Mystery still surrounds two explosions which destroyed the battleship HMS Vanguard in the Great War. A total of 843 officers and men died as Vanguard sank within minutes on July 9, 1917. There were only two survivors. I reveal here how an officer and an ordinary seaman connected to my family had lucky escapes from death as the ship was lost – and how a diary kept by a ship’s steward assistant from Devon who died in Vanguard was found almost 18 months after his death.
It was just before midnight on Monday, July 9, 1917 when HMS Vanguard blew up without warning in Scapa Flow. Two explosions ripped apart the battleship, killing all but two of her 845 officers and men.
The loss sent shockwaves through the mighty British Royal Navy. For it was feared that Vanguard had been attacked by a German U-boat. But it soon emerged that her destruction was a catastrophic accident – the worst in the Navy’s wartime history.
Despite a major inquiry into the loss of the ship, how she came to be blown up and to sink within minutes was never established – although it is believed that her fate was sealed after a fire on board ignited munitions.
A young Devon-born officer appeared to be among the casualties. The service records of William Henry Batten – who had been acting mate in the ship since April 1916 – indicated that he was aboard the Vanguard on the night of the disaster.
But he was not. Why – and where he was at the time of the explosions – is not known. Perhaps he had left the ship shortly before July 9. The following month he was serving in the battleship HMS Collingwood.
William was a farm boy when he joined the Navy in 1908. He was aboard Vanguard in the Battle of Jutland – the largest naval confrontation at sea in the war – in 1916 when she survived without losing a single man.
Described as a ‘good and valuable officer – intelligent and painstaking’, he also served in the battleships HMS Devonshire and HMS Commonwealth.
William married tailoress Florrie Langdon, the only daughter of Alfred and Mary Ann Langdon, by special licence on April 20, 1916 at St Matthew’s Church, Exeter. He was appointed acting lieutenant in August 1918.
When the Vanguard exploded, another battleship – HMS Bellepheron – was close by. She narrowly avoided serious damage when a large piece of wreckage from the ship was blown on to her deck in total darkness.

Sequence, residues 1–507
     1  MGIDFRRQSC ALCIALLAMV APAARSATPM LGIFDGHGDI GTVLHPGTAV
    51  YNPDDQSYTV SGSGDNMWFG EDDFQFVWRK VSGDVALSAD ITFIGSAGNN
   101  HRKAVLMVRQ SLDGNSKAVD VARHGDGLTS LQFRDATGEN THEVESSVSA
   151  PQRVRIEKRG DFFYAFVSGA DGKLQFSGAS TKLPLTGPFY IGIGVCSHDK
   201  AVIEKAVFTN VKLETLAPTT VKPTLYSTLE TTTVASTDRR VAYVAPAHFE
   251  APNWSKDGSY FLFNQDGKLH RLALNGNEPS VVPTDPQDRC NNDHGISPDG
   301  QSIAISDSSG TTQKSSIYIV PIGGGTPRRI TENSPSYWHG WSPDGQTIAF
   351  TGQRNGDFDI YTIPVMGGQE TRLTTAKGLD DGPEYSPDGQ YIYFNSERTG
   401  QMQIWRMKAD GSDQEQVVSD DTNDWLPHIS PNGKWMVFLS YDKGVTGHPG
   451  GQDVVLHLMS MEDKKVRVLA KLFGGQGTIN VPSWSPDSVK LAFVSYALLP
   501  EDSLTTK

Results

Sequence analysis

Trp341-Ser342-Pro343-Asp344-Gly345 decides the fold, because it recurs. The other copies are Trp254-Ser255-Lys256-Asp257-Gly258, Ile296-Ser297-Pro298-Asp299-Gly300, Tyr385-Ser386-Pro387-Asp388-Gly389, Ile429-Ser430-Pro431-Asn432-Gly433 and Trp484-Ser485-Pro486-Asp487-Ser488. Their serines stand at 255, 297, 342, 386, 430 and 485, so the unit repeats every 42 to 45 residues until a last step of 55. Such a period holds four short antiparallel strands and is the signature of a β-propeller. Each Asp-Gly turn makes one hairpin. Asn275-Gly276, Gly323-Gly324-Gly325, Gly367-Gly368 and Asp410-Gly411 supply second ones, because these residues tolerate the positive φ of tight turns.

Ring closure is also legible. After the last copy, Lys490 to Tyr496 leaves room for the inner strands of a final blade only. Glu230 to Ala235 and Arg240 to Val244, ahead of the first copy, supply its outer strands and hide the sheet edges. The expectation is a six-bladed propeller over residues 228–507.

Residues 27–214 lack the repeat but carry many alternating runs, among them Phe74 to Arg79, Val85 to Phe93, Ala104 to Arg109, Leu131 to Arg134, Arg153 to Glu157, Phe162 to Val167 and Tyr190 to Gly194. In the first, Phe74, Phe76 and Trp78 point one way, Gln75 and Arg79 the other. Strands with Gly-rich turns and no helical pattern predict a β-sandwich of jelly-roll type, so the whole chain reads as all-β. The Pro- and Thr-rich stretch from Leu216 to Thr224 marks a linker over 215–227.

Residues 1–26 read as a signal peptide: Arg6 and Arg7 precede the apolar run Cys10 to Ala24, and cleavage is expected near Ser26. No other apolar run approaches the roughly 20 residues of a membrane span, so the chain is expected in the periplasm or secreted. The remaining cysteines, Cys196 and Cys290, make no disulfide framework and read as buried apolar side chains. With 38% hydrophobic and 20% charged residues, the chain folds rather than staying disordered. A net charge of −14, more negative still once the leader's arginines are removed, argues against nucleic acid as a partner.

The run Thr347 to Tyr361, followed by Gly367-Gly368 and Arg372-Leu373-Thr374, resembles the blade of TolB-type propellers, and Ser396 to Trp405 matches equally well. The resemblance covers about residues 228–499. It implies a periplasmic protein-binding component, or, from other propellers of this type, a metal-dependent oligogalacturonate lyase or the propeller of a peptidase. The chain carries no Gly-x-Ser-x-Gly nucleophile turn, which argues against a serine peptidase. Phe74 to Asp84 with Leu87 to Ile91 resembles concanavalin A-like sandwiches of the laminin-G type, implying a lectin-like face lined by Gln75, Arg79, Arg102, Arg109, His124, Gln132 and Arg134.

Sixteen-year-old ordinary seaman Herman Warren was in the Bellepheron at the time of the drama. He was uninjured.
Herman was just 15 and a blacksmith’s apprentice when he enlisted in the Navy on December 5, 1916.
He served in Bellepheron between May 31, 1917 and February 4, 1919. Promoted to able seaman in 1921, he was in the battleship Emperor of India between July 1921 and February 1922.
One of those who died in the Vanguard was 22-year-old ship’s steward assistant William ‘Willie’ George Ellis Lee, the son of the headmaster of Willand School in Devon, Samuel Dummett Lee.
Willie – engaged to be married – was educated at Tiverton Middle School and Hele’s School, Exeter. After a year’s teaching at Heathcoat Boys’ School, Tiverton, he went to Saltley College, Birmingham.
He joined the Navy on the outbreak of war and was posted to Vanguard after training at Devonport.
His fiancée was dressmaker Dorothy Jarrett, the daughter of local newspaper reporter Albert William Jarrett.
In December 1918 – almost 18 months after Willie’s death – Dorothy was sent a diary he had kept while on board the battleship.
Remarkably, it was found on the shore of Scapa Flow by a Sgt Russell, of the battleship HMS Imperieuse while he was out walking.
The diary had been given to Willie by Dorothy as a birthday present in 1911. Although weather-beaten and water-stained, all the words within it were decipherable.
Dorothy went on to marry Frank Bennett in Tiverton in 1932. She was a grocery shopkeeper in the town for many years – living at the Corner House in Tiverton. She died on August 12, 1970, aged 76.
Willie, born in Caltestock, Dorset on October 11, 1894, is remembered on the Naval Memorial at Plymouth Hoe.
William Henry Batten was connected to my family through marriage. His sister, Edith Mary (1903-1984), married Archibald ‘Archie’ Roberts (1894-1968) at Thorverton Parish Church on February 4, 1922. Archie, who served in the 13th Hussars, was one of 30 grandsons of John Roberts (1829-1919) who served in the Great War. John was my great-great grandfather.
Herman Warren (1901-1962) was the son of Sidney Warren (1872-1962) and Ellen Hamlin (1874-). Sidney was the son of John Warren (1837-1909) and Jane Evan Roberts (1842-1881). Jane was the daughter of Elizabeth Treble Roberts (1815-1887). Elizabeth was the daughter of William Roberts (1779-1848) and Sarah Treble (1784-1861). William was the son of William Roberts (1738-), my great-great-great-great-great grandfather.
HMS Vanguard. Public Domain image by Symonds & Co (photograph Q 40389 from the collections of the Imperial War Museums – via Wikimedia Commons).